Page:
The Ugly Side of Cycling
I have spent the last half of August biking around the beautiful city of Toronto with Min. I bought the bike when I was 15, but started taking driving lessons shortly after. This is a little like buying a kite when all you want to do is hang-glide off cliffs.
As a result, I’ve resolved not to buy my son a bike within twelve months of his getting a driver’s license.
What’s interesting is that the speed and power of driving a car obliterated my romance with biking to the point of complete abandonment; funnier still is my trek back to it: Nothing like soaring gas prices, ridiculous transit fares, and the choked arteries of downtown gridlock to rekindle a high school love.
And what a love it is. The sound of crunching rubber as asphalt is pushed back behind me, the wind rushing past my ears, the city suddenly becoming completely accessible in ways Toronto transit’s stylized “U” simply doesn’t accommodate. Little Italy, Greektown, Chinatown, Bloor Street West, Harbourfront all seen in vibrant swatches of colour where the journey connecting the dots are all part of the drawing.
Last weekend, my friend Joe and I explored the Don Valley Trail, heading east to find ourselves in Scarborough, biking up Victoria Park and circling back to our delicious destination “Congee Queen”. Walking into the crowded restaurant — I, a sweaty mess; Joe, hardly a trickle of sweat — Joe surmised that of all the patrons, we were probably the ones that wanted, and worked the hardest, to be here. (Over the din of the diners, I noted the delicate balance in shouting an order for “Fukien fried rice”, as one shouldn’t order this dish with any hint of impatience lest you get only normal fried rice seasoned with a retaliatory spitball.)
I spent some money getting the bike out of early retirement and road-ready. Then I realized I wanted a back rack with saddle bags so a budding hobby could double as a utility vehicle. I ended up biking everywhere. I biked to buy groceries, drop off cupcakes, go to business meetings (a bad idea). I bought a backlight and a headlight and a new helmet. I debated for days about what type of lock to get.
So, yes, I’m obsessed. Min noticed that if I’m quiet for a while, my next sentence will have something to do with my bike. And, no, this isn’t a Grade 2 homework assignment titled “What I did this summer”. (That’s what the homepage is for.) I’m mentioning all this because I passed this guy on Bloor Street who was wearing the most ridiculous get-up ever. Like, Lance Armstrong doing the Tour de France, but he was on Bloor Street with a brief case in a side basket. I’m wondering, in all seriousness, at what exact point does someone decide normal shorts and a shirt are not enough for their cycling and come to the conclusion they would rather wear an all-body, skin-tight spandex wetsuit? Is there a moment where you just make up your mind and say, “I want to sacrifice how I look to publicly demonstrate just how committed I am to this sport”?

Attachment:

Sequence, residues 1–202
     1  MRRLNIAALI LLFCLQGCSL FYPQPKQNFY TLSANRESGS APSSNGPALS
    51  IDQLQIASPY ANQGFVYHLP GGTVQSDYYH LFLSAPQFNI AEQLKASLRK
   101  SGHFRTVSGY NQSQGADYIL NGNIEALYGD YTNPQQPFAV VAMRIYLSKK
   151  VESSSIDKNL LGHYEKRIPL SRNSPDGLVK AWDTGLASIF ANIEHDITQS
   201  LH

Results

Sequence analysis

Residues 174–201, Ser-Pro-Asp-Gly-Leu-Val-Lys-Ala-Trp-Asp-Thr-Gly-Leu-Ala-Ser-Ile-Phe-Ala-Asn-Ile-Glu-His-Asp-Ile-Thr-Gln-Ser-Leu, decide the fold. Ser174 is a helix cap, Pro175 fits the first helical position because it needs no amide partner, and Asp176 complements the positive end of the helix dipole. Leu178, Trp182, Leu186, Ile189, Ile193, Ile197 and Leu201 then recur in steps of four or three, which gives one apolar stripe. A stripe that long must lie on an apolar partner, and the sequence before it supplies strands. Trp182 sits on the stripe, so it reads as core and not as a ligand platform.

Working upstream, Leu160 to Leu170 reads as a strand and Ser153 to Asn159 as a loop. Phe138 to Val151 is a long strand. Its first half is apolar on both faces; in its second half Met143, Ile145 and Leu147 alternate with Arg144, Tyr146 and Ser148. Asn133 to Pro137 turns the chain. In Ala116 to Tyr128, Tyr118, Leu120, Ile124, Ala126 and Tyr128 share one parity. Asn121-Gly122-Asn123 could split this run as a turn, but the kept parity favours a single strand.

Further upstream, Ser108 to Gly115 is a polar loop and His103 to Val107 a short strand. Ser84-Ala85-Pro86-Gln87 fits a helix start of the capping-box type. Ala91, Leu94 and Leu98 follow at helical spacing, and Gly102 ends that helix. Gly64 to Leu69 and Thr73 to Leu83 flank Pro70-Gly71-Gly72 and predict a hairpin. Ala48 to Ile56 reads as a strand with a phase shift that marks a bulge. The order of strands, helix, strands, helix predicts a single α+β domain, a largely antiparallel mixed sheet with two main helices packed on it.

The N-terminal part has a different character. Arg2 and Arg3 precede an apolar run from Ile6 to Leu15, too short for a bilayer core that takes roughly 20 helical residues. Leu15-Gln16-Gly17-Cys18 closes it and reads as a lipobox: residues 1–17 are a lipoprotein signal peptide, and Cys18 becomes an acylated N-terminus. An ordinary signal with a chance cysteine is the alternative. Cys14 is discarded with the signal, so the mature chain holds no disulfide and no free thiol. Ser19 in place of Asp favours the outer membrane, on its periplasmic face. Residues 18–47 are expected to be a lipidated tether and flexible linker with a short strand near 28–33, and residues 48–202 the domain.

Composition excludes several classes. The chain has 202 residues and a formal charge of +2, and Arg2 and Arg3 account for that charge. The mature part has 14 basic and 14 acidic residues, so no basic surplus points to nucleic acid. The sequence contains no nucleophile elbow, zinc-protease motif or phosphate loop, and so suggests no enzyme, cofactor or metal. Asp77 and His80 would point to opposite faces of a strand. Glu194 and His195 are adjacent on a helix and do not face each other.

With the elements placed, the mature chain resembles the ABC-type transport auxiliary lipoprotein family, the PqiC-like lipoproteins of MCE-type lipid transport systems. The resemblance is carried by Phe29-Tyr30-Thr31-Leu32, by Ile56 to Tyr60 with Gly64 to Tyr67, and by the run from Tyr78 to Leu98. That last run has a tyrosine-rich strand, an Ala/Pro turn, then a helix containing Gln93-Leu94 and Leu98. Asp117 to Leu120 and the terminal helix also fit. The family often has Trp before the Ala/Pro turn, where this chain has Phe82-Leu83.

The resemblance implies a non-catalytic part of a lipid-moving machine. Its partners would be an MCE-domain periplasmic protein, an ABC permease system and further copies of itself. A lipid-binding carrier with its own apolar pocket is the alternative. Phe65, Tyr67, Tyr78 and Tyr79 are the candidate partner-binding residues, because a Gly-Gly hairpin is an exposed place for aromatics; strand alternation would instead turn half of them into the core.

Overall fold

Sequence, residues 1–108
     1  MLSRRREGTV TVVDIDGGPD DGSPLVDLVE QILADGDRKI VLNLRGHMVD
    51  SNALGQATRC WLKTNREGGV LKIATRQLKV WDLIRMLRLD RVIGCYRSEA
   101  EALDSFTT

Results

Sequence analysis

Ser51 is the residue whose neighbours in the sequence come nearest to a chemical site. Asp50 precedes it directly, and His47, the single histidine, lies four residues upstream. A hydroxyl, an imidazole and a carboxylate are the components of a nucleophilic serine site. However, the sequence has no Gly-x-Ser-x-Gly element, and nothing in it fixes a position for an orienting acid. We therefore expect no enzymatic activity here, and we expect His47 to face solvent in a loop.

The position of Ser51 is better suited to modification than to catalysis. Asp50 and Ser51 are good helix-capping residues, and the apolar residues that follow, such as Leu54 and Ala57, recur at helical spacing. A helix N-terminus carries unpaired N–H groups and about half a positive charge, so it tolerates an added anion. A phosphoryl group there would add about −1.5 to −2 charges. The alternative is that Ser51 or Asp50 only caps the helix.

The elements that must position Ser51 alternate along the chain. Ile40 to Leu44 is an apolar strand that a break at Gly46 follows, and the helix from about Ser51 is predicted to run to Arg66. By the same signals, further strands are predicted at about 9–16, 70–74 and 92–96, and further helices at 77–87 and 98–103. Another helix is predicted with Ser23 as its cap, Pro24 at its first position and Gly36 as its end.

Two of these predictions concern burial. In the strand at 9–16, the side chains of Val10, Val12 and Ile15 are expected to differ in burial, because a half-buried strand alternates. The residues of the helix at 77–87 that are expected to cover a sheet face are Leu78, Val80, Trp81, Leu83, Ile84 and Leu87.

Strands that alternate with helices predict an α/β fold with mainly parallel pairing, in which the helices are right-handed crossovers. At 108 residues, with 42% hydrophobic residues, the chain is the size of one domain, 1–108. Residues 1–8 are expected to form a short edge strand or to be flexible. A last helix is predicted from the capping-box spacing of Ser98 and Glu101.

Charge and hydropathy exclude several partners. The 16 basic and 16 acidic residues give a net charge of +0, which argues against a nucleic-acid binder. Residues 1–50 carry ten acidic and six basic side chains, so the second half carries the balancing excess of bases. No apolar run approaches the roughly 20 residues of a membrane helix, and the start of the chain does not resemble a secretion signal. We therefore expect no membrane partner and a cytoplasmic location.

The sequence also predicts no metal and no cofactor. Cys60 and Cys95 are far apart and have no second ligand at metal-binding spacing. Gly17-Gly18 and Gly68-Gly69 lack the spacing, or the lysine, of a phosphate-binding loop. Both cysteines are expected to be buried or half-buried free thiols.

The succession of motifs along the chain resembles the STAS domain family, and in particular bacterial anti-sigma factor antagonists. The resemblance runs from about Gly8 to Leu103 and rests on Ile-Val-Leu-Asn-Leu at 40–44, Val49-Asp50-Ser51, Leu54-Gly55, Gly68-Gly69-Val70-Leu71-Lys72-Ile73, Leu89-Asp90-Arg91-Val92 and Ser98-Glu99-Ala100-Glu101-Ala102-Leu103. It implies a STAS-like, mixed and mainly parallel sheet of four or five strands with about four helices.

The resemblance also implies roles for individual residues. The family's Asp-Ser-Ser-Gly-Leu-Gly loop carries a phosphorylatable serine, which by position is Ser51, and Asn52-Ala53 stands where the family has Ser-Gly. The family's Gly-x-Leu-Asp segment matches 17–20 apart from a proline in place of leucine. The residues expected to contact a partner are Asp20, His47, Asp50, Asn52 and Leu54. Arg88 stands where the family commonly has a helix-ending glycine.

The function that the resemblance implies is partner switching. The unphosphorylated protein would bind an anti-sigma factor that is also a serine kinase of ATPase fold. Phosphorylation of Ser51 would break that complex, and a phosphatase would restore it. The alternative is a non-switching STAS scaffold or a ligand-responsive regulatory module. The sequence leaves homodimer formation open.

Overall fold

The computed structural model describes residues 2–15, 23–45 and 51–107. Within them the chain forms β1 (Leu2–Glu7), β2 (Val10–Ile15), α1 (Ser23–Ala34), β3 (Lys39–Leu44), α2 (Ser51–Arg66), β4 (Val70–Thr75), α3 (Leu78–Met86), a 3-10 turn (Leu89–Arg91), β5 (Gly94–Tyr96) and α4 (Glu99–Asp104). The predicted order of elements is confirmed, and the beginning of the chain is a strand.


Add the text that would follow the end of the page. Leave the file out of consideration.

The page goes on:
Because I don’t want to get there. I would like to stop just one step from ditching my shorts.
So, to my friends, if you hear me start to talk about how I simply need an edge because of a sudden unrealized ideal of efficiency, aerodynamics, and asphyxia, please just… buy me a kite.
Meeting Peteris Vasks
The month of May has snuck on me like a bandit in the night. Tonight, (May 8th) I play a concert at Park Avenue here in New York City that will feature String Quartet No. 4 by Peteris Vasks. This was one of the very first quartet works I played with the Afiara, and it was a treat to meet the composer — an ox of a man who has one of the most gentle hearts. I love meeting a composer whose personality, passion, and beliefs are written so deeply into his music; I felt like I’ve met him already before having met him.We studied the piece back in 2006 shortly after the Afiara formed.